“The second round was similar to the first, except that he dealt more punishment out to me towards the end of the round, and some of the blows hurt me without a doubt, but I managed to avoid the K.O. So the round ended, and as I went to my corner I felt that I would win the ?5 which I intended to spend on Nellies benefit. “As the seconds were fanning me, one of them said in rather a sarcastic manner : Franks been playing with you like a cat with a mouse, so look out for the usual wallop in this last round. That wasnt going to disturb me, and, just to show him so, I whispered in his ear : Tell the stretcher-bearers theyll not be wanted this time round. “The referee called Time and Finish. “Slavin at once sailed into me, and I parried his blows as well as I could. Be it to my credit also that I got one or two on him, at the same time taking care not to leave myself open. These blows from me no doubt made him cautious and also gave me more courage to try and last the round out. I thought it was never going to end, but after him beating a tattoo on my body, the gong sounded and I was still on my feet.
“Frank was the first man to congratulate me, the referee was the next, but the second who told me to look out for the usual wallop, didnt offer to wipe me down. “Slavin made the presentation of the ?5 to me himself, at the same time informing the audience that he would send me a gold medal which would have inscribed on it : Presented to Felix Scott by Frank Slavin.” Felix then took out of his pocket the gold medal, which was in a case, and showed it to us. ” Why dont you wear it on your watch-chain, Felix?” Sam Lloyd asked him. “I am not given that way, sonny,” replied Felix, ” and, besides, amongst the race folk I have to mix with it might get snatched, and it was too dearly bought to lose it in that way.” I can quite believe it was, because Frank Slavin was a strong, powerful fighter, although Peter Jackson beat him for the worlds championship. It was believed that this fight was the cause of both Jackson and Slavin dying, as they had hurt each other to that extent. Personally, Ive never seen Slavin, but I saw Jackson give an exhibition after he won the championship of the world.
To resume Felix Scotts tale to us three lads :?” I went home with the ?5, and arrangements were made for Nellie to visit this eye specialist. I went with her, as I intended to tell the specialist what the street singer had told us, providing, of course, the specialist gave me no hope. “A fifty shillings fee was paid in advance, and I dont think the specialist was fifty seconds in arriving at his decision. He took me in another room after examining Nellie, and said : Im very sorry, young man, very sorry, but nothing can be done. You see, she was born blind. “Had it been either my Mother or Dad instead of me I think they would have come away crying. Not so with me, as I at once began to tell him what the street singer told us. He listened quite patiently to all I told and I took good care to leave none out. “After I had finished, the specialist said : No doubt, my young man, miracles do happen, and will happen every day of our lives, but it is a case of finding that source from which a miracle can spring that will give your sister sight. ” At that my heart gave a lean for joy as I said : Then you believe, doctor, that it is possible for my sister to have her sight given her? ” Yes, answered the specialist. All things are possible to those that believe. ” Dont you believe? I pleaded with him, and I noticed the specialist had a very serious look when he answered: Certainly I believe. The trouble _with me is that I dont know the way. Yet I have a friend in England, an eve specialist, who would no doubt take an interest in your sisters case, as I have just thought of the last letter I had from him, in which have writes in the same strain as the street singer talked to you. My friend not only believes, but he thinks he knows the way. One sentence in the letter particularly reminds me of your street singer, and it is : The Creator never intended anyone to be born blind and not enjoy seeing the beautiful flowers of the earth. Now, if you like, he continued, I will give you my friends name and address, then you can write him ; he may be able to do something. I should tell him exactly as you have told me about the street singer, and I feel sure something will be done. In any case, there will be nothing lost, only a little money, perhaps, and what is that compared with having a chance for someone to see the light?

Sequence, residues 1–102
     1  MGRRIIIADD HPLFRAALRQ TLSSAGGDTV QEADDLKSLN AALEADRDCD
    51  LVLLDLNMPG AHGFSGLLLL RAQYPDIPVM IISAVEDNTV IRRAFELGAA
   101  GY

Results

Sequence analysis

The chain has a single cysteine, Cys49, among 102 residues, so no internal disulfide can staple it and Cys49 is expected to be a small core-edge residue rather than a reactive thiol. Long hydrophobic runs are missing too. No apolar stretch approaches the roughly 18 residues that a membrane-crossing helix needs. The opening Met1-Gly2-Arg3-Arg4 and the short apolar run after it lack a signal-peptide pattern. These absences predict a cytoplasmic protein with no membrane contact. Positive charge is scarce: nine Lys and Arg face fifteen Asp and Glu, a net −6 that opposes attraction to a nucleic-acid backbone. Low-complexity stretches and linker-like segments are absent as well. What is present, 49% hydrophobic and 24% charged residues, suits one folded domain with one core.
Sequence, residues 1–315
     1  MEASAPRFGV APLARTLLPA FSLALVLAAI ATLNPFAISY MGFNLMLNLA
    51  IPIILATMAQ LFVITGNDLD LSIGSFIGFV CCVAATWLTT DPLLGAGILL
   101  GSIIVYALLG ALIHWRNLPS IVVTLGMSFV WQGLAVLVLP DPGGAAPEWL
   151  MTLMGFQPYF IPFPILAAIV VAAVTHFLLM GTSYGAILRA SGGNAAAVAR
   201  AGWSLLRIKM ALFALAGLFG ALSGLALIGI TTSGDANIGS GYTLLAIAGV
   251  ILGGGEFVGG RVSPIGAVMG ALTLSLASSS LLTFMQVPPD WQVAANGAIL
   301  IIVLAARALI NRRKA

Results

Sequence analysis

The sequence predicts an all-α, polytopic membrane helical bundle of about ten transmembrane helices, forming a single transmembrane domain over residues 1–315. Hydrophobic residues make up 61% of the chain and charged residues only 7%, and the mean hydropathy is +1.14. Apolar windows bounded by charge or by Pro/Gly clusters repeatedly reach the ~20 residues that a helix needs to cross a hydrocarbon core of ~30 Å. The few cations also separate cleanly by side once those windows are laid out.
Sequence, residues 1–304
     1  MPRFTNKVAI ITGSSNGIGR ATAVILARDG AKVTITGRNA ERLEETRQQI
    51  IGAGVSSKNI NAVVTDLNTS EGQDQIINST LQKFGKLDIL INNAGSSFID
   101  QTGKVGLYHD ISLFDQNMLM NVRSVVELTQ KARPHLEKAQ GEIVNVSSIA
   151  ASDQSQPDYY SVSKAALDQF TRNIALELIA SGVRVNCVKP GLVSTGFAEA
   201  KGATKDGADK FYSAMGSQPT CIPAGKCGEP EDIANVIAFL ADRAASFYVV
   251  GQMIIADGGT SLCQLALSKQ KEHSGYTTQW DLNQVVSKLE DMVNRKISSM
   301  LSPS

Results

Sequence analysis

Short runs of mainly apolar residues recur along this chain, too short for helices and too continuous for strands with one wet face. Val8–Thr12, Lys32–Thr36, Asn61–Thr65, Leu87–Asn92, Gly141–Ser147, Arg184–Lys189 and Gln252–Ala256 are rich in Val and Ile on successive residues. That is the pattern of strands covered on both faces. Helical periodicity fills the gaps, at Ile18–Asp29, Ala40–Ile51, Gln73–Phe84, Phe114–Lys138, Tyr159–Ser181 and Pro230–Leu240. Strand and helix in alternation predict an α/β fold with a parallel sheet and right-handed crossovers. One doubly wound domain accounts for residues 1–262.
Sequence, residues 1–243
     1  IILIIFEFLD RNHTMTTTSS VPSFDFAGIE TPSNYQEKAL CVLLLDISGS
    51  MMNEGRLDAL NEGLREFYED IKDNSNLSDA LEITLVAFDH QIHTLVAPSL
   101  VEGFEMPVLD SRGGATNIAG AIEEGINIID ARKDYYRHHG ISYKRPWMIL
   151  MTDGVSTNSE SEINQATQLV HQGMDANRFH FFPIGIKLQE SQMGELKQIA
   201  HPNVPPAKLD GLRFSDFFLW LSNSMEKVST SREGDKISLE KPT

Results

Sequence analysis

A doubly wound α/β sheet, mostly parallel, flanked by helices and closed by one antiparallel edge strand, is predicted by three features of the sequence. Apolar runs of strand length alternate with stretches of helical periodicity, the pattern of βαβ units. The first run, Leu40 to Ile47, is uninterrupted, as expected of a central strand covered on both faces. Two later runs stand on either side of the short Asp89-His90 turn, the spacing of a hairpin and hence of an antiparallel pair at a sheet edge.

“I took my sister home again, and, as we were travelling in the train, Nellie asked me if there was any hone for her. ” There are great hopes, Nellie, I answered. “Then why are you so quiet, Felix? ” Well, I was thinking, Nellie, you may have to go to London, in England, and leave us all for quite a long time. “What does it matter how long I am away from you if only God gives me back my sight? replied my sister. And, besides, when I come back from England I will be able to tell you all about London. Fancy, Im going to see London. “She certainly had more faith than I had, although I was very hopeful after leaving the specialist.
“On arriving home we had many a consultation as to what we were going to do. One thing was definite with us all, and that was Nellie would go and visit this great London specialist. It was the money question that troubled us most ; so I proposed that 1 should go on tour with a boxing booth and would send my weekly takings home to them. “I started touring Australia with my show, and we soon had quite a good sum of money before we made arrangements with the London specialist.